sudo apt install openjdk-8-jdk -y
Once the installation is complete, you can check the version of Java installed on your system by running the following command.
The output should look something like this.
The default Ubuntu 20.04 repository does not contain Elasticsearch, but it can be easily installed using APT after adding the official Elastic repository from the Elasticsearch developer team.
First, download the public signing key (Elasticsearch does this automatically) using the curl command to validate packages. Packages are signed with this key to ensure their authenticity. We’ll be using the -fsSL arguments to indicate to curl that we want to silence all progress and enable cURL to make a request to the specified URL.
curl -fsSL https://artifacts.elastic.co/GPG-KEY-elasticsearch | sudo apt-key add -
You will get an OK message if the key was successfully added.
Next, add the Elasticsearch repository to your system by running the following command. We will add elastic-7.x.list to the sources.list.d directory. The sources.list.d directory is a special directory in Ubuntu where you can add additional sources for software. The APT system uses these files to find available packages.
echo "deb https://artifacts.elastic.co/packages/7.x/apt stable main" | sudo tee -a /etc/apt/sources.list.d/elastic-7.x.list
Then, update your repository cache to read the new Elasticsearch repository.
sudo apt update
Now you can install Elasticsearch by running the following command.
sudo apt install elasticsearch -y
Once the installation is complete, we will need to configure Elasticsearch. The /etc/elasticsearch/elasticsearch.yml file is the main configuration file for all Elasticsearch settings. Such as the network.host parameter defines on which IP address or hostname to bind the Elasticsearch service.
Let’s open the file using the nano text editor.
sudo nano /etc/elasticsearch/elasticsearch.yml
Most of these settings are pre-configured but you can fine-tune them for your needs. In this example, we only change the network host setting. We will uncomment and change the host: to localhost so that Elasticsearch can listen on any interface. If you want to use a specific interface, you can replace localhost with the specific IP address or hostname.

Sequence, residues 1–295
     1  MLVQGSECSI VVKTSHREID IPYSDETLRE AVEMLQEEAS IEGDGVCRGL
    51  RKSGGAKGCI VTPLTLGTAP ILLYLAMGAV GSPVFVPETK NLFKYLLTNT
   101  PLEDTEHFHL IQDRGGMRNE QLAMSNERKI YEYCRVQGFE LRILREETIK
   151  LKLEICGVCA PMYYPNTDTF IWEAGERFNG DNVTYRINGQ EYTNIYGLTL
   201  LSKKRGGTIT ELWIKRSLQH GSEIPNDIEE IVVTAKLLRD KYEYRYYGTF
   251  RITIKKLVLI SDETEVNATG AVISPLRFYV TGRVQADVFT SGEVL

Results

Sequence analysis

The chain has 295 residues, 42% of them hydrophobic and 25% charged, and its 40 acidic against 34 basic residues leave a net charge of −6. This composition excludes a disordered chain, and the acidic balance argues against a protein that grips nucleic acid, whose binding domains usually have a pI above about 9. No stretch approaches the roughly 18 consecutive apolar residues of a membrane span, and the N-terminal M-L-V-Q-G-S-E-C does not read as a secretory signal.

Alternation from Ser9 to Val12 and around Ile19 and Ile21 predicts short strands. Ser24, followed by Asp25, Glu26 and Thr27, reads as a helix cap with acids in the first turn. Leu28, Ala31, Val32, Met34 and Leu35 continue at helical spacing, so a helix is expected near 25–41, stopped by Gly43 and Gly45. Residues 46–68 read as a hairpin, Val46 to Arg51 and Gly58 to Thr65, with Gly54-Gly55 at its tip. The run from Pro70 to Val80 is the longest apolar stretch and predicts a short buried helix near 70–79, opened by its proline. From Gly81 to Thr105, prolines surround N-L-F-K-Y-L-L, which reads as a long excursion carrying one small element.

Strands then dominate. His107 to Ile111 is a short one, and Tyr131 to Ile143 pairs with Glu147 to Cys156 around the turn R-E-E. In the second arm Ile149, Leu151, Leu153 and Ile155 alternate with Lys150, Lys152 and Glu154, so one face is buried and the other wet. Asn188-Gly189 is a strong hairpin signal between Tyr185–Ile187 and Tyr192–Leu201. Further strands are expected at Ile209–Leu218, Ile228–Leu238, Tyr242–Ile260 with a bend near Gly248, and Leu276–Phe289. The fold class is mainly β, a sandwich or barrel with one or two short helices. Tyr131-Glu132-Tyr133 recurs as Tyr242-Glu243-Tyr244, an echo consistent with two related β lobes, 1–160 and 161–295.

Once you are done with the changes, save the file by pressing CTRL+X, Y, and Enter. Now start Elasticsearch using the following command. The start-up process can take a few minutes so be patient.
sudo systemctl start elasticsearch
To enable Elasticsearch to automatically start on boot, run the following commands.
sudo systemctl enable elasticsearch
Now you can test the installation by running the following command.
curl -X GET "localhost:9200"
You should see the following response from your local node.
Now that we have Elasticsearch up and running, we can install Kibana. Kibana is a visual interface for Elasticsearch that allows us to search and visualize our data.
You should always install the Kibana Dashboard right after installing the Elasticsearch server. This will ensure that all the components and settings of the Elastic Stack are correctly in place.
Run the following command to install Kibana.
sudo apt install kibana -y
Once the installation is complete, we will need to configure Kibana. The /etc/kibana/kibana.yml file is the main configuration file for all Kibana settings. Such as the port where to bind the Kibana service, elasticsearch.url setting defines on which Elasticsearch URL should kibana be pointing to, and other security settings.